Don't let the verbiage fool you

Macaulay Culkin was the nation’s darling as Kevin McCallister in this 1992 sequel, “Home Alone II.” While the title’s tagline says the boy has boarded a plane to New York City, sharp-eyed viewers will recognize the Hilton Chicago once again. And why not? The 5,000-square-foot Conrad Hilton Suite is the largest duplex penthouse anywhere around — perfect for a kid with a credit card. And did you notice Donald Trump’s cameo? Take a close look when Kevin first enters the hotel and stops a man to ask him where the hotel reception desk is located.

A side note: Remember Kimmy’s (Cameron Diaz) wealthy family in the 1997 hit, “My Best Friend’s Wedding”? Julianne (Julia Roberts) has to swallow her pride when saying hello to Kimmy’s mother, also shot in the Conrad Hilton Suite. 

Jurassic Park filming locations and more

The island of Oahu

Chicago may be the destination for urban hits, but the bustling city has nothing on Hawaii when it comes to tropical shoots. The island of Oahu is a favorite big screen backdrop, home to many of the Jurassic Park filming locations. Guests at the Hawaiian Village® Waikiki Beach Resort can take a 40-minute drive to Kualoa Ranch, where movie fanatics can tour the lush backdrop of this dinosaur thriller. “Lost,” "Battleship," and “50 First Dates" were also shot at Kualoa Ranch.

Hilton Hawaiian movie magic

Hilton Hawaiian Village® Waikiki Beach Resort has attracted movie stars as much, if not more, than the island's interior. It’s hard to top a suave 26-year-old Elvis Presley, fresh out of the army, in the 1961 classic “Blue Hawaii,” filmed on location at the iconic resort with its landmark Rainbow Tower. With a whopping 14 tropical romance songs, the film was a big commercial success, stimulating plenty of interest in the destination that Elvis clearly loved.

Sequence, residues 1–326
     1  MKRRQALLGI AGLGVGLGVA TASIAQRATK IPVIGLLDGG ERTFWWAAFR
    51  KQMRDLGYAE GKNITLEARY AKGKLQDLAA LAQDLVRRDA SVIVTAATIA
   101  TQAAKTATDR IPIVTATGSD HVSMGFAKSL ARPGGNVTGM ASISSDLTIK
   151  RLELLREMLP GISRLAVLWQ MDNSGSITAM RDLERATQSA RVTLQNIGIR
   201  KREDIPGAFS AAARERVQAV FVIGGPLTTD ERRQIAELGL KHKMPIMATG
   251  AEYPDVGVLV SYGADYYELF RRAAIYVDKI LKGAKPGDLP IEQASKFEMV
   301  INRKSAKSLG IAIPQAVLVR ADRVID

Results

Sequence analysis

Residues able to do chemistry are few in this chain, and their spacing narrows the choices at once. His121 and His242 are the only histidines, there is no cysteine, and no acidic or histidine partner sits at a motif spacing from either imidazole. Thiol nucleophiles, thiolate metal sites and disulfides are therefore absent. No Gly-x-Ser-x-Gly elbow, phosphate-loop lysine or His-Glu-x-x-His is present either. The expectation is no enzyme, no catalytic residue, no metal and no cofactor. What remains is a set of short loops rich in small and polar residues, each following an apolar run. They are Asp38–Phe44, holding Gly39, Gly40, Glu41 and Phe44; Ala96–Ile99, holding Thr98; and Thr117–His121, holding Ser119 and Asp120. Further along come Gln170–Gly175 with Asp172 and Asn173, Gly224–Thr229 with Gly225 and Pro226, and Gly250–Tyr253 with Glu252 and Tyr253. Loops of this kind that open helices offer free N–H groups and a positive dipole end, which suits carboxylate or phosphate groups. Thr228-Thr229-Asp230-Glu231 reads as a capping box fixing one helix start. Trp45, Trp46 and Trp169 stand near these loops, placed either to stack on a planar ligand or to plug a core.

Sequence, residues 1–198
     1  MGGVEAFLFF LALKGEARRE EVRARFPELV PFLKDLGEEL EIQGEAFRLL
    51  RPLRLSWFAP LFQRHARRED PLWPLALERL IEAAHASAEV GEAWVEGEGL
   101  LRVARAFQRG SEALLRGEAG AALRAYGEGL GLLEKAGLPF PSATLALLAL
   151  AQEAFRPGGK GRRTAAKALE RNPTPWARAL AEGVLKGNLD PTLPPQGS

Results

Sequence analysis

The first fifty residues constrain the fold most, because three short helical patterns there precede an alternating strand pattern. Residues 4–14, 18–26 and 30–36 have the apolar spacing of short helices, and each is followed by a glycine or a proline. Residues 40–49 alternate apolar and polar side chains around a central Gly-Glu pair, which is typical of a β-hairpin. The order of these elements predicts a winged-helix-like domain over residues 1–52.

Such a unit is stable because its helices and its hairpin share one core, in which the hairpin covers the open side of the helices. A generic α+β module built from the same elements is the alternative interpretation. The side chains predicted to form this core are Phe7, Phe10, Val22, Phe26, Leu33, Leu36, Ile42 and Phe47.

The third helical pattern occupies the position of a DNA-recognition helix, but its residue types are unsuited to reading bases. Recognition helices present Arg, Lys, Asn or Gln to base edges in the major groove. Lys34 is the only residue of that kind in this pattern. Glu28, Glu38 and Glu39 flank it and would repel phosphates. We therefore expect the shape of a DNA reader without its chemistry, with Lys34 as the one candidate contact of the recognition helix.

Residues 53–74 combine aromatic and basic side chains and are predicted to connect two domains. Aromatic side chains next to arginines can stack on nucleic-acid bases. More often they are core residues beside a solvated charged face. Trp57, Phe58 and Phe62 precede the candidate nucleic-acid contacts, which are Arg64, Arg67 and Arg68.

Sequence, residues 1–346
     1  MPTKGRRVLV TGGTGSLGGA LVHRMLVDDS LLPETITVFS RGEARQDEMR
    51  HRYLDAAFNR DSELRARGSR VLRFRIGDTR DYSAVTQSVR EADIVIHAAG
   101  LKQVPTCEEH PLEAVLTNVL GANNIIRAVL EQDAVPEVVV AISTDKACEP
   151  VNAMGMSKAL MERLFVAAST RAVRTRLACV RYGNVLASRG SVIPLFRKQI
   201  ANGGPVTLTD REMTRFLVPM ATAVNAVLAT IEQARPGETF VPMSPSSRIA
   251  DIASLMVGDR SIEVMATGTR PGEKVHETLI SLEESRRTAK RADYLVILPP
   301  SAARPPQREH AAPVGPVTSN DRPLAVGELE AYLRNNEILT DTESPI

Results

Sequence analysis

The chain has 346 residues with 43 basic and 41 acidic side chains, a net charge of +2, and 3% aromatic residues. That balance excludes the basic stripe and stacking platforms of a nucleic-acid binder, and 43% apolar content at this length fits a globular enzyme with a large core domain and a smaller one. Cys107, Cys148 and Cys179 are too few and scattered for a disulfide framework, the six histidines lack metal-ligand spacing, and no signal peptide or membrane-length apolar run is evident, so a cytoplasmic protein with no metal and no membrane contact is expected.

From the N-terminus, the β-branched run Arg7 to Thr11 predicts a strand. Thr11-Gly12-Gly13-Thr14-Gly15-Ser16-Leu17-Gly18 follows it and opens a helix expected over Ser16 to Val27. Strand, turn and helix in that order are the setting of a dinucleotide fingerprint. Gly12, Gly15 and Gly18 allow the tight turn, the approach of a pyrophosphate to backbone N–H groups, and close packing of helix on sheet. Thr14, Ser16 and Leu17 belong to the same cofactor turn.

Where else but the Hilton Hawaiian Village® Waikiki Beach Resort could there be such a perfect beachside tower for edge-of-the-seat destruction in the 2014 Warner Bros. Pictures and Legendary Pictures monster release, “Godzilla”? Guests needn’t worry — the only real booms and bangs come from the hotel’s spectacular Friday night fireworks show.

Anyone mapping out famous filming locations for a “Hawaii Five-O” tour should begin at the show’s production partner, the Hilton Hawaiian Village at Waikiki Beach, where shoots are common.

The inspiration for "The Great Gatsby"

The Seelbach Hilton Louisville

During the Roaring Twenties, The Seelbach Hilton Louisville attracted underworld kingpins and infamous gangsters during Prohibition — the perfect makings for any movie. 

Cincinnati mobster George Remus, the "King of the Bootleggers," was among The Seelbach's notorious guests. Remus became friends with writer F. Scott Fitzgerald, who often visited the hotel. In 1925, F. Scott Fitzgerald immortalized the hotel in his novel, "The Great Gatsby." Remus was Fitzgerald's inspiration for the novel's main character, Jay Gatsby, and the Golden Era landmark inspired the author to use the location as a backdrop for Tom and Daisy Buchanan’s wedding in the Great Gatsby. The book has been turned into a film three times — in 1949, 1974 and 2013.